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8 Usability Metrics Tech Teams Can Use To Analyze User Behaviour


A beautiful store is great, but it’s more important to convert visitors into paying customers. Measuring usability is a key skill that developers can learn to create stores that deliver results.

Within your analytics tools are a lot of measurements for user experience (UX), but they’re often overlooked. UX measurements show user behavior, and lead to a deeper understanding of the experience users are having on your site. It’s not always the prettiest, coolest, or most modern looking that sells the best.

If you want your sites to work better, this post will walk you through eight usability metrics that can help you build more effective stores. These metrics are important because they come from real people’s actions, and are not based on assumptions used to create a store’s design.

“These metrics are important because they come from real people’s actions.”

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1. Load time

Unfortunately, visitors are not as patient as you want them to be. In fact, they’re even less patient than Google: they give your site about two seconds to load, or they leave.

Even if they don’t abandon the site when load times are slow, their experience starts off badly, and they’re less likely to spend. This, of course, affects profitability; a small technical issue can ruin all other efforts to grow traffic, acquire customers, and increase conversions and retention.

What can you do to improve site loading speed?

  • Invest in reliable hosting that can support heavy traffic.
  • Watch image size. Ecommerce is a visual business, so sites can get slowed down. Use image optimization tools so that visuals load fast, while the quality remains intact.
  • Don’t forget browser caching to save time on every new page opened.
  • Compress your CSS and JavaScript files.
  • Google’s PageSpeed Insights tool is a great first step for building sites.

Usability metrics: PageSpeed insights

You might also like: App Performance: How the Wiser Team is Keeping Stores Fast.

2. Bounce rate

Not every one-page visit of your client's Shopify site should be considered a bounce. The point is to convert or to complete the desired action, and visitors may complete these goals on one page.

To accurately evaluate your landing pages, you should account for such cases.

First, in your Google Analytics, go to Audience, and then Behavior.

Apply Sessions with Conversions, Sessions with transactions segments (see the gif below), and look at the session duration. That’s how long it takes, on average, for visitors to complete a conversion or transaction on your site (for example, five minutes). That becomes your benchmark for how long it takes a user to interact meaningfully with your site. Anything less is considered browsing, while it’s expected that longer sessions indicate deep interest.

Usability metrics: Bounce Rate

Now, since you can’t see how much time visitors spend on a page (when they don’t go to another page of the site) to compare to the benchmark, work around it by adding an event of “proof of engagement.”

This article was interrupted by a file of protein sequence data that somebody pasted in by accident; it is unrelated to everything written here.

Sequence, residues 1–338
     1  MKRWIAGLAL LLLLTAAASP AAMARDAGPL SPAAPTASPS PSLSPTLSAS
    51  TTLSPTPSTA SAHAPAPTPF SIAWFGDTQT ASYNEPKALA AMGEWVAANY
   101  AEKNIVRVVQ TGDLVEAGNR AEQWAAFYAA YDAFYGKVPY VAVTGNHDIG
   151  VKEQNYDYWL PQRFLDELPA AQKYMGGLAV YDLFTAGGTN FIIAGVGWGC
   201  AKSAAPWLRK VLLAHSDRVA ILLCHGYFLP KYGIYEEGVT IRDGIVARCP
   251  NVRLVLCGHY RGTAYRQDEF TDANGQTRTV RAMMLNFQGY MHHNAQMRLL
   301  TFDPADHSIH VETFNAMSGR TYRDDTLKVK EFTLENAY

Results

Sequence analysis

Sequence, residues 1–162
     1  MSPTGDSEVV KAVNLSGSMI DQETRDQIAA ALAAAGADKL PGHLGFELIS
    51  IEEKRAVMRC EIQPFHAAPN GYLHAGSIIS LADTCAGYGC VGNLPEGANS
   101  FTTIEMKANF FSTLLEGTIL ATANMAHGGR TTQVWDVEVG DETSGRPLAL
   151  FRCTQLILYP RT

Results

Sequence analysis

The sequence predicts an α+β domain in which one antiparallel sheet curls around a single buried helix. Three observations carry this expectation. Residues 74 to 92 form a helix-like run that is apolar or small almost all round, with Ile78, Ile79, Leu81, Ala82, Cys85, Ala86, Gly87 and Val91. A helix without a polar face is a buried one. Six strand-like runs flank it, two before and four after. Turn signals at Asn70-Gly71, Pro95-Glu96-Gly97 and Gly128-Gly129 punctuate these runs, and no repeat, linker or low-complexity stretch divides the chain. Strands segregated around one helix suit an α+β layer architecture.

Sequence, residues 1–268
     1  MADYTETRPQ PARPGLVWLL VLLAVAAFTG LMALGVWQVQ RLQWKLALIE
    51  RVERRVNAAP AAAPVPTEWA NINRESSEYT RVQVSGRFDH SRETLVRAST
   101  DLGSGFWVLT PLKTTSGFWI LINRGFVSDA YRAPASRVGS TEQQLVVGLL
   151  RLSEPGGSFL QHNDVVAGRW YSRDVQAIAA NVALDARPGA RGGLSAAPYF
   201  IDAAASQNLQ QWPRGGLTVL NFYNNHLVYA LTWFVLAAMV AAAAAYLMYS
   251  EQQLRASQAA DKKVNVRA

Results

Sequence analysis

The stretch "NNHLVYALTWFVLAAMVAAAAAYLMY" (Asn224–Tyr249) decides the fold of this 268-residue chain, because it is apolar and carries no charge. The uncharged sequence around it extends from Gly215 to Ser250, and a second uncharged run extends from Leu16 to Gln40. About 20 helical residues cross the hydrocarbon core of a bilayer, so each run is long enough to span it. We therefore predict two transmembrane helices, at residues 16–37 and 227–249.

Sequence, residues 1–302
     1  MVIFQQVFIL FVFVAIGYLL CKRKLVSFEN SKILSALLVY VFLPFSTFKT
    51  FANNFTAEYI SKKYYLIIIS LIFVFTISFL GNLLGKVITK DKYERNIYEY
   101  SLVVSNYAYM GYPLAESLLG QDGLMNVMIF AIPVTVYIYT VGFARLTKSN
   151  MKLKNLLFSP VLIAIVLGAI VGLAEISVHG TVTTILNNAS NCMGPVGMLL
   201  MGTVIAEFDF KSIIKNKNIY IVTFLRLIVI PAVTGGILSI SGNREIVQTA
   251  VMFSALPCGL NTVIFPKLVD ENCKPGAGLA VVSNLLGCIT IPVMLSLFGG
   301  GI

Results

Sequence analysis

The formula to use is:

ga(`send`,`event`,`Profitable Engagement`,`time on page more than X minutes`)` 

Where X minutes is the amount of time you found was needed for a conversion.

This way, you’ll see how many of the bounces are actually active engagement with your site, with time spent over the minimum you set. You can rule those out, and your bounce rate will go down significantly.

If you want to learn more, Optimize Smart’s article Adjusting Bounce Rate in Google Analytics gives a nice deep dive into the full method.

3. Navigation

Navigation is there for a reason, and it’s definitely not to confuse or frustrate visitors.

Regardless of what “looks better” or is modern in UX, you should first focus on making it functional and intuitive for the store’s visitors. Do you really need a hamburger menu? Or could you make it clearer?

“Regardless of what “looks better” or is modern in UX, you should first focus on making it functional and intuitive for the store’s visitors.”

A few basics to keep in mind:

  • Specific labels help people find what they’re looking for. Make it clear what’s in there.
  • Group products as customers expect them to be. For example, a sports gear site can only benefit from categorizing by sport.
  • Add subcategories that layer out nicely if really needed.
  • Since a Shopify store’s main purpose is to sell products, the main navigation bar should carry the product categories. Any other elements like Brand Story, Manufacturing Process, About Us, Terms and Conditions, etc. should find another home.
  • If it’s in the store’s strategy to emphasize another element, like the manufacturing process, it can be prominently displayed on a home page, or added on each product page.

You might also like: What it Takes to Build for Success on the Shopify Theme Store.

4. Page views per visit (aka sessions)

While not so important on its own, this metric shows the effectiveness of the experience flow.

When designing a Shopify store, you probably have a desired experience flow in mind. How many pages should it take for a visitor to complete a purchase? Six? Ten?